bought at Dias & Co Ltd., Lowther Street in Carlisle. After I had been
working in the Botchergate store of the L & N Tea Co. for about eighteen
months I was transferred to Denton Holme branch and finished in Lowther
Street branch. During this time in Lowther Street shop I was asked to help
out at Penrith branch which I duly carried out for four months, firstly
helping out in the shop as assistant to Roland the manager, then
subsequently on their mobile shop which was based at Little Dockray branch
in Penrith. Travelled to and from Penrith every day during this time, I
remember how long the working days were then, lengthened by the forty miles
each way, to and from work, but I was paid generous subsistence money,
enough to indulge in a restaurant meal each day during my stay there, which,
was usually the Chinese Restaurant.
The regular driver had had an accident and damaged his back, so I worked on
the mobile shop as relief driver. I got to know the area fairly well, going
to places like Langwathby, Clifton village and Long Sowerby, in short, all
the outlying villages in a twenty mile radius of Penrith.
One particular instance stands out during this period of my life, and it is
proof of no matter where you go in this country and indeed in this world,
you will meet up with a Langholmite, and the one I refer to was Bob Laidlaw,
son of Paddy and Jane of the 'Crudens', oldest brother of Violet and Ronald.
On this particular day, I was doing my round at the location of Carlton
Police Headquarters and had finished selling from the mobile shop in the
first of the two open quadrangles that stood adjacent to each other and were
divided by a six foot wall. I had parked just inside the first quadrangle,
and had decided that instead of driving in a large circle today, I would take
the shorter route which involved reversing the vehicle for about fifteen
feet, then turn to the left, still reversing, and into the second
quadrangle. I should add at this point that a very pleasant, but young, that
is fifteen-years-old girl assistant was on board and I had asked her to keep
an eye out of the rear window and, if in her opinion I should stop for any
reason, to shout loudly to do so. She appeared to understand at the time,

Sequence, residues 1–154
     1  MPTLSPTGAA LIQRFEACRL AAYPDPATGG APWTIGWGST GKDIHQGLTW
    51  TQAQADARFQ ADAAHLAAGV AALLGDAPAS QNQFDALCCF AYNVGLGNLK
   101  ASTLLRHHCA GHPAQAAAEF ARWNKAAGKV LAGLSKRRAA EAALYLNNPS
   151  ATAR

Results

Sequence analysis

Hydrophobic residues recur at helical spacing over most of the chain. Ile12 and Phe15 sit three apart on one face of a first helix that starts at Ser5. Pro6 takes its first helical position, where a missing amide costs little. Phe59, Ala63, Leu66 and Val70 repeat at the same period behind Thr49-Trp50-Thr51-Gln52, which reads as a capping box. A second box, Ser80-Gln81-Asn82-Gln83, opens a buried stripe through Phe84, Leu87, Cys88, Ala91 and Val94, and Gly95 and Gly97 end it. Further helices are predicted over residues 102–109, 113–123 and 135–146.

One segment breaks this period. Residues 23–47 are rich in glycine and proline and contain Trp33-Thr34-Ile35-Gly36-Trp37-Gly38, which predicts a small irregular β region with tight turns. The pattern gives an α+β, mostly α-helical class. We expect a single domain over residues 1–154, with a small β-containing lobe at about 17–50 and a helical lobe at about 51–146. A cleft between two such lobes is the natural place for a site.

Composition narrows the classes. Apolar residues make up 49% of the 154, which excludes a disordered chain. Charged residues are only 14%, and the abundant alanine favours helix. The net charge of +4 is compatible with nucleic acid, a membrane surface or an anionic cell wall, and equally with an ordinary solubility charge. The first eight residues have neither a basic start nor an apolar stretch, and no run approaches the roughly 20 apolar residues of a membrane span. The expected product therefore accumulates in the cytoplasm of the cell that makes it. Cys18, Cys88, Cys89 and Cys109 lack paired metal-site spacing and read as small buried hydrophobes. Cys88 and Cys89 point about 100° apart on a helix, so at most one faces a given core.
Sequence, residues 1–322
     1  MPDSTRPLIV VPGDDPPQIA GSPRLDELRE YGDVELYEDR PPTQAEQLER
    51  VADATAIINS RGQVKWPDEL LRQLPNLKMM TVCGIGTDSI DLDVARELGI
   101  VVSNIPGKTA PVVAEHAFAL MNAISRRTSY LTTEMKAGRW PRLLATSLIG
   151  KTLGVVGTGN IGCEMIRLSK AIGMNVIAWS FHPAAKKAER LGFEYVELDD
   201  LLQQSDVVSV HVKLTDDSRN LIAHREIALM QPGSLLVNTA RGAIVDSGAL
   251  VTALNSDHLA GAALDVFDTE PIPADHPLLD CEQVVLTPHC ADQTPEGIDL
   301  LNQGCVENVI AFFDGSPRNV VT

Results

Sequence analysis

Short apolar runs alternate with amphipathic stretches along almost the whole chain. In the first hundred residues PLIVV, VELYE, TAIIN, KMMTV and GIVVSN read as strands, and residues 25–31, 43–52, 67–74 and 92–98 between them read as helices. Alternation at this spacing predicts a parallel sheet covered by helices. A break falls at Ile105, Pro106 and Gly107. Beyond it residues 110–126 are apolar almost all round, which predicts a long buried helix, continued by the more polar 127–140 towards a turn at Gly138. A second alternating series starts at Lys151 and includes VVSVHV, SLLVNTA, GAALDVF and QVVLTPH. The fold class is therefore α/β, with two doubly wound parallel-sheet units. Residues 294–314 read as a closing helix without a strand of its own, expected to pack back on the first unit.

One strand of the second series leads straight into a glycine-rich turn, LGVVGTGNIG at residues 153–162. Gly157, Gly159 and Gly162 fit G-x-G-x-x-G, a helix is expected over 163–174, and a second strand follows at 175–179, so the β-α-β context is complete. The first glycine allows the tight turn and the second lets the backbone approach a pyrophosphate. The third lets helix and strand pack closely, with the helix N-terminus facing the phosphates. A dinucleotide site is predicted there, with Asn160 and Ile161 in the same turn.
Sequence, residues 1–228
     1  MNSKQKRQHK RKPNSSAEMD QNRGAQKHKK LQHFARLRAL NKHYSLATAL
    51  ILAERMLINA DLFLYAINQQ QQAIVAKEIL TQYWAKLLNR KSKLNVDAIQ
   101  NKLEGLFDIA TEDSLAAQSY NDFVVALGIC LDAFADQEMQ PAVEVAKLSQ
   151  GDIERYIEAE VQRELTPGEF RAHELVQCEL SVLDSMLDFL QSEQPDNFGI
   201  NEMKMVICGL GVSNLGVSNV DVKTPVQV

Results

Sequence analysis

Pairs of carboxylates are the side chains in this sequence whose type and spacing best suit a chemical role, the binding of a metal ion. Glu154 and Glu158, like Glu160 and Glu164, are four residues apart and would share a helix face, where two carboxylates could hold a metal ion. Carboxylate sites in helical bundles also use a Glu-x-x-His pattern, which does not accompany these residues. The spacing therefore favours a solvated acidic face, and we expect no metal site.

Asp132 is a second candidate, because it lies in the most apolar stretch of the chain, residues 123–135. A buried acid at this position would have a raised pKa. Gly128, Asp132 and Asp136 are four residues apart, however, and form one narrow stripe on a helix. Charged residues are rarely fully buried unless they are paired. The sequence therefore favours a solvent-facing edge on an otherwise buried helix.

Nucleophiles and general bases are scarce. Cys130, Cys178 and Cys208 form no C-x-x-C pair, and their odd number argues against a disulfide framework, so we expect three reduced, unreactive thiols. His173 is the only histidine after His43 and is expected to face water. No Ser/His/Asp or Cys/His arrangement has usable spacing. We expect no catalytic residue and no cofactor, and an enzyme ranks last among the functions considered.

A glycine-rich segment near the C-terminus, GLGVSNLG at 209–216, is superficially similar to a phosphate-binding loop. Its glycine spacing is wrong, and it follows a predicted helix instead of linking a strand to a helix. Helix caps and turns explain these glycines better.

but a couple of minutes later, it was obvious that she hadn't. Whilst I was
carrying out the reversing procedure, I had not noticed in my mirror that a
stone was protruding from the wall about a foot from ground level and that I
had caught this stone with the corner of the bumper, which caused the stone
to dislodge, consequently seventy-five yards of wall collapsed into the
Meanwhile, the young girl is standing at the rear of the
van rooted to the spot, her hands cupped over her mouth, and sobbing. Before
I had a chance to ask her what had happened, I was acutely aware of dozens
of light blue-shirted men racing towards the mobile-shop. I am sure it is
not too difficult to imagine my feelings at that moment. Here I am,
eighteen-years-old, operating a mobile-shop in the Penrith Police
Headquarters, have succeeded in demolishing a considerable length of wall
which was their property, and thinking all sorts of notions such as, Will I
be fined or jailed?. Will I have to pay for the wall to be rebuilt, and most
importantly, Will I lose my licence. My brain had hardly had time to form
some sort of answers, when I heard a raised voice in that weel kent Langholm
dialect shout, "Frank Zemla, ah might ah kent." At that moment I did not
know whether to be happy that it was someone who knew me, albeit a polisman,
or upset because I had been positively identified. However, after a couple of
minutes blethering with Bob, I felt much more at ease after he told me that I
had probably done the polis a big favour by knocking the wall down. Apparently
it was a very old wall that had been in a dangerous condition for many
years, and had just been patiently waiting for somebody as myself tae gie it
a helpin' han'. I left there with great relief in the knowledge that no